Before the COVID-19 pandemic began, the country was on the verge of a future defined by exciting new uses of technology and the ability of the internet to allow work to take place from almost anywhere. As we moved into the phase of sheltering in place and staying in our homes for months on end, the demand for technological innovation sped up in ways that no one could have predicted.
Here, on the other side of COVID, as we take stock of all the things that happened in that whirlwind where fear was a constant companion and the movements of our daily lives either came to a halt or changed in ways we were not prepared for, we find there are things COVID may have left behind for good.
Seeing a doctor or other healthcare professional over video or other remote connection has long been publicized as a way to expand access to health care. But, before the pandemic, the adoption of this practice was low. In fact, Medicare allowed telehealth access only for patients in rural areas.
When the pandemic began to sweep the country, the Centers for Medicare and Medicaid Services reduced regulations on telehealth allowing patients to access healthcare from home to reduce the spread of the virus. Much of that flexibility is still in place. States also made several policy changes to expand access. This virtual care has been incredibly popular, prompting private insurers and providers to increase investments in telehealth and other remote technologies.
Online education has been around for decades, but it’s long been stigmatized as inferior to in-person instruction. Many traditional brick-and-mortar college campuses have been relatively slow to embrace virtual learning on a significant scale.
When restrictions began, thousands of colleges were forced to close classrooms and pivot to online-only instruction in a matter of days or weeks. The transition was disorganized, and some students sued their colleges for refunds. Some of the billions of dollars in relief that Congress approved went to help colleges transition their courses to online and help students purchase the technology they needed to participate. The necessary adoption of online learning has accelerated a trend where we are seeing traditional universities develop online degree programs and hybrid models of teaching. This will have the benefit of increasing access for students in remote areas or those who otherwise face barriers to in-person education.
Video calling’s popularity increased considerably in the early 2010s with the iPhone 4’s FaceTime capability, and videoconferencing had already started outpacing conference calls in many workplaces prior to 2020. But, even though Zoom Video Communications was founded in 2011, Zoom and other video conferencing tools such as WEBEX and Microsoft Teams hadn’t become the daily occurrence for many businesspeople like they are today.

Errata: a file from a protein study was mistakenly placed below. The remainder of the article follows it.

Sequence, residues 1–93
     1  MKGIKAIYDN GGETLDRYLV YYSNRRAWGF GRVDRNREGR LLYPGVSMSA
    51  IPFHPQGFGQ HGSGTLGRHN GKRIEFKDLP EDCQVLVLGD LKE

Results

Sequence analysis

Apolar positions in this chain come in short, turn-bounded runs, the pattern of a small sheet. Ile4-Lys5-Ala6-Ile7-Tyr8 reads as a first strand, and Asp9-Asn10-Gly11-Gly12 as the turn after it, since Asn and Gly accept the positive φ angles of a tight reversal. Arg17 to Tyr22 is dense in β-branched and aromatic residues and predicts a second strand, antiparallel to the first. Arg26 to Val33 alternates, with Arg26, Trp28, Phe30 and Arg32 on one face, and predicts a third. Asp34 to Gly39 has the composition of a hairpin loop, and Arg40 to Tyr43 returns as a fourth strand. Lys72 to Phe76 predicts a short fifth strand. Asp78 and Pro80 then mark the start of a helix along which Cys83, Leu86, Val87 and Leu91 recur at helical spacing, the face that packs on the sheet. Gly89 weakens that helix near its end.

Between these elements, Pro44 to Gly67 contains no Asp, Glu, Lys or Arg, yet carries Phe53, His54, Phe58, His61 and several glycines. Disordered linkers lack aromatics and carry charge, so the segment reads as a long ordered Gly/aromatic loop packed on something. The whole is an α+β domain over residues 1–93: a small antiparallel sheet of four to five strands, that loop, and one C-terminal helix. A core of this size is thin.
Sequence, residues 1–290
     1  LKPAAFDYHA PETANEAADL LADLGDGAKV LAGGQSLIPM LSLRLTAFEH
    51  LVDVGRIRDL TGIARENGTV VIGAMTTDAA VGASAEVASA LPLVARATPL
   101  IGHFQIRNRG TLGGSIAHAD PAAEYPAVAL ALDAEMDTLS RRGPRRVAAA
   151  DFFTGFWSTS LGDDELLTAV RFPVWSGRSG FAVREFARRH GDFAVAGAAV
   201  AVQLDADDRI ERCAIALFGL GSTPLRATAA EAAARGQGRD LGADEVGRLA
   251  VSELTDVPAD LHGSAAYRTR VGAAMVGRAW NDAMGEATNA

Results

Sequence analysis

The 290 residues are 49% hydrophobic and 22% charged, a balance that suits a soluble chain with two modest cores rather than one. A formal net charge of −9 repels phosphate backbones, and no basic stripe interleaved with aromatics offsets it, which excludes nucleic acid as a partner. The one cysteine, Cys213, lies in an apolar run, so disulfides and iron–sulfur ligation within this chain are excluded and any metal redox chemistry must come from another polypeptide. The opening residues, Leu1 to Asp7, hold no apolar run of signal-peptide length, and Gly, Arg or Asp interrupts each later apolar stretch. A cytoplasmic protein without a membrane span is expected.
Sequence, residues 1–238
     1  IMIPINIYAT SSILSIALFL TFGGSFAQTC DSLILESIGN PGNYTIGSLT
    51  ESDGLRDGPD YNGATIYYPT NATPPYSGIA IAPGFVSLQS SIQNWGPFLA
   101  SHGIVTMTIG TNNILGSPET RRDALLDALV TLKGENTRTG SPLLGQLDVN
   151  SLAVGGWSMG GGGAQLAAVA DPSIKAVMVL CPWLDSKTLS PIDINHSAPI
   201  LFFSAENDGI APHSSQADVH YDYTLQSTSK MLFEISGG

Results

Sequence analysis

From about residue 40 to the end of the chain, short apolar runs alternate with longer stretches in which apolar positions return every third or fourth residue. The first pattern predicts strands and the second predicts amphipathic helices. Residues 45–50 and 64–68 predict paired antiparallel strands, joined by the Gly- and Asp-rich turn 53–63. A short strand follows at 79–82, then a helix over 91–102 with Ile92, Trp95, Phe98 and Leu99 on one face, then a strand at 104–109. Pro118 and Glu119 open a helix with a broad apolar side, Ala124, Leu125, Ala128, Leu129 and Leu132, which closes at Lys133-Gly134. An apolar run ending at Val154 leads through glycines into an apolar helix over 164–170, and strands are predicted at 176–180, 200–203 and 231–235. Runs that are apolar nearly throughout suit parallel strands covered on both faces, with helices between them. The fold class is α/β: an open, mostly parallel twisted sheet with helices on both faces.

As work from home became a necessity due to lockdowns, many workplaces turned to Zoom or other video conferencing systems to facilitate meetings that once took place in person. And, it wasn’t just work meetings…video conferencing became a key form of communication for schools, job interviews and even for friendly get-togethers.
The pandemic showed offices and employees that work from home is possible and, for some workers, preferable. According to Pew Research Center, more than half of American employees who can work from home said they’d like to continue to do so all or most of the time post-pandemic.
As lockdowns were imposed nationwide, struggling restaurants looked for ways to keep revenue flowing in. Alcohol is a high-margin item for many businesses, and as restaurants shifted to focus on takeout, they asked cities and states to allow them to also provide cocktails-to-go. According to the Distilled Spirits Council of the United States, 35 states plus the District of Columbia adopted ordinances allowing the sale of cocktails-to-go! Not surprisingly, the change proved popular with restaurants and consumers alike, and so far, 16 states plus D.C. have made the to-go rule permanent.
Before the pandemic, outdoor dining space was, in most cases, a low priority, both for city officials and restaurant owners…and especially in densely populated urban areas. This was due to a lack of street space, sky-high rents, a need for prioritized parking and strict zoning rules which left most restaurants with few options for serving patrons outdoors.
After public health officials began announcing that COVID spread easily indoors but not so much outdoors, al fresco dining space became critical to reopening restaurants. Cities lightened up on rules to allow restaurants to expand outdoor seating areas into nearby parking spots, sidewalks and streets. Some even built inviting outdoor sanctuaries with lighting and plants while others attempted to winterize small enclosures with heaters and blankets. These outdoor spaces provided a lifeline to many eating and drinking establishments during the pandemic. Many cities are looking at ways to make these outdoor eating solutions permanent.